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I’m a passionate web application developer and Ruby on Rails enthusiast. I love building stunning web applications and working with interesting people. I feel comfortable developing on the frontend as well as on the backend and I have a firm grasp of JavaScript and HTML5. In general I like being involved in many aspects of a product and to figure out perfect technical solutions for everybody’s satisfaction. Clemens is a DZone MVB and is not an employee of DZone and has posted 10 posts at DZone. You can read more from them at their website. View Full User Profile

How to Set Up RSpec

07.18.2013
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Set up RSpec for Ruby applications

For all Ruby applications you can use the rspec gem. The gem is a collection of 3 other gems:

You can also include one or more of these gems separately. For instance, if you want to use Bogus for mocking, like we did in last week’s episode, you can just add rspec-coreand rspec-expectations to your Gemfile, because you don’t need rspec-mocks.

If you run rspec from your project’s root directory without any argument, it will expect your specs to be in the ./spec directory and your classes to be in the ./lib directory. Although you can work around this assumption, I recommend you to stick to them: They are applied in almost all Ruby projects.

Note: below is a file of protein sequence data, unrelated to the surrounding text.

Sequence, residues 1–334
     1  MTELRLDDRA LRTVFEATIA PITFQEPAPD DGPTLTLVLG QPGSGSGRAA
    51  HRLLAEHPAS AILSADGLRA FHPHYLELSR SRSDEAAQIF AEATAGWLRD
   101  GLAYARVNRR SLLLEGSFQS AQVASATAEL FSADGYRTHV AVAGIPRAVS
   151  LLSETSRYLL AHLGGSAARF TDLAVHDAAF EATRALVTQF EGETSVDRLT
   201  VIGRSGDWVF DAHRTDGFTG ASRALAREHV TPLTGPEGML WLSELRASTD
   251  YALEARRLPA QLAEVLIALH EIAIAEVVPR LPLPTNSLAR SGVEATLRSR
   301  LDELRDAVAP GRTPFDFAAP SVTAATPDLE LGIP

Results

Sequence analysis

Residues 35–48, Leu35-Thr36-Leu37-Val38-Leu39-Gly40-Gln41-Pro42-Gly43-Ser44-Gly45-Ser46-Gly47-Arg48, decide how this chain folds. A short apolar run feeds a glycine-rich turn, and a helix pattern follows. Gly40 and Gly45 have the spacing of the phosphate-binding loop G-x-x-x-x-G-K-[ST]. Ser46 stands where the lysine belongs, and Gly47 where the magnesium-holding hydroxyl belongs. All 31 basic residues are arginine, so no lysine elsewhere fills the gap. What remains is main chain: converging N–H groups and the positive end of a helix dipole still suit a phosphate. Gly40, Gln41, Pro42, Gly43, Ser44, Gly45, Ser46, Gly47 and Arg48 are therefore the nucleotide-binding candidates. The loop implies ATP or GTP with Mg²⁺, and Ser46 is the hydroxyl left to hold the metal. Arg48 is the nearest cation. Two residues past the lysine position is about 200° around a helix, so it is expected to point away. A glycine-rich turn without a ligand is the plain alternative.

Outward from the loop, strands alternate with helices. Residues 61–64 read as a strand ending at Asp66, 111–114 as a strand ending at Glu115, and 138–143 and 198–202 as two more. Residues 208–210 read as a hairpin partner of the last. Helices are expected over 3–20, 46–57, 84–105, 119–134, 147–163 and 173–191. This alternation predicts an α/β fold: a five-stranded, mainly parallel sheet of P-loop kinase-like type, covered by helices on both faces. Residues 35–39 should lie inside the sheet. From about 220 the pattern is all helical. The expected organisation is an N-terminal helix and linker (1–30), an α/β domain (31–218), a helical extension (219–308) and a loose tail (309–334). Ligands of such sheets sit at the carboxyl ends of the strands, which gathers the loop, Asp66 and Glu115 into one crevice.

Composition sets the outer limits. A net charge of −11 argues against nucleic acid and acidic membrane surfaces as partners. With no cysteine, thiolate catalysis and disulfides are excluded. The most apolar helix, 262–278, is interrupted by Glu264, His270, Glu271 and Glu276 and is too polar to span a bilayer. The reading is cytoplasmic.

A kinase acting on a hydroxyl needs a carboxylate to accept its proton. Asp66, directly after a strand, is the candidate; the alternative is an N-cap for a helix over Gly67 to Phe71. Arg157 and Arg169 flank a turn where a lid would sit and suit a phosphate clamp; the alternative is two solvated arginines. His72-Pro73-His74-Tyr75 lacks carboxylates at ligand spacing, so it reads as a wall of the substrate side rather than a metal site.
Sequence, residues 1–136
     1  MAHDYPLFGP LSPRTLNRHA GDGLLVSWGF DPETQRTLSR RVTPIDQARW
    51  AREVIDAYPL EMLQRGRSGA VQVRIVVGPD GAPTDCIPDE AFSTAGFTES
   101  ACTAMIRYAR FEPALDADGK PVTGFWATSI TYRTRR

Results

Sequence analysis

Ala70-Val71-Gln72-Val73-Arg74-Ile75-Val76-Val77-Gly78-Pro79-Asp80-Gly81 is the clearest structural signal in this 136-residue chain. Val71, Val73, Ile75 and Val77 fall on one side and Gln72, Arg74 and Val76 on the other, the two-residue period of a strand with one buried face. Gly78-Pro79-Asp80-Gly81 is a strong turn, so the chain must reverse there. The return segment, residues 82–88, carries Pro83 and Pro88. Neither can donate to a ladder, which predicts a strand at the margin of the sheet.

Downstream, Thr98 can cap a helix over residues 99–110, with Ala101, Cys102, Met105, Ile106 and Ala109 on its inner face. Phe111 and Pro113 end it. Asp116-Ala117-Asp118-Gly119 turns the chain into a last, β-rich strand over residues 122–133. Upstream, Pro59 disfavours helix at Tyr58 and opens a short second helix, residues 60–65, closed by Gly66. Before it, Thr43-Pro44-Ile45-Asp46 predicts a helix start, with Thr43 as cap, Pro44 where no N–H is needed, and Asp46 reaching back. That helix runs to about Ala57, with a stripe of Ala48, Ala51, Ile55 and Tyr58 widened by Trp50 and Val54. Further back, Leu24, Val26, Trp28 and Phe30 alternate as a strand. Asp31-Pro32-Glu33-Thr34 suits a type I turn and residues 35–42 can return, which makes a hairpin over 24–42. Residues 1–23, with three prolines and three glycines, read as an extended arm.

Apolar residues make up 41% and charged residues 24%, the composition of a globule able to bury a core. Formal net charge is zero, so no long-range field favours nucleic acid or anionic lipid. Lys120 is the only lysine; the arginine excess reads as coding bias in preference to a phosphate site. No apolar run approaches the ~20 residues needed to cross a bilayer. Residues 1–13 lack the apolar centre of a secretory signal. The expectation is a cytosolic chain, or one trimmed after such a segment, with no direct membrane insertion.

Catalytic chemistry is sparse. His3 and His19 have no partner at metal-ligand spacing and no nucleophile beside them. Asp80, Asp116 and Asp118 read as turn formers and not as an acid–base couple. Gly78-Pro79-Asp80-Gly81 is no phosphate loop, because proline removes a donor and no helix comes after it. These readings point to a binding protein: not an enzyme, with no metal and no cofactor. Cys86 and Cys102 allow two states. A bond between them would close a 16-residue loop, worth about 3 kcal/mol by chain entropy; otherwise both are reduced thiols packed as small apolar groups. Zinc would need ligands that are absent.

Set up RSpec for Rails applications

These rspec gem will work for every Ruby application you create, so you could also use it with your Rails applications. However, there is a more convenient option: The rspec-railsgem is the easiest way of setting up RSpec for Rails. It will provide you with convenient generators that get called when you generate resources like models or controllers. Watch the screencast to see it in action!

Up next: Setting up Cucumber

Next week we’ll set up our Ruby and Rails applications with Cucumber. In the meantime check out our other episodes on RSpec. You can find a list of them below in the “Further info” section.

Further info:

Published at DZone with permission of Clemens Helm, author and DZone MVB. (source)

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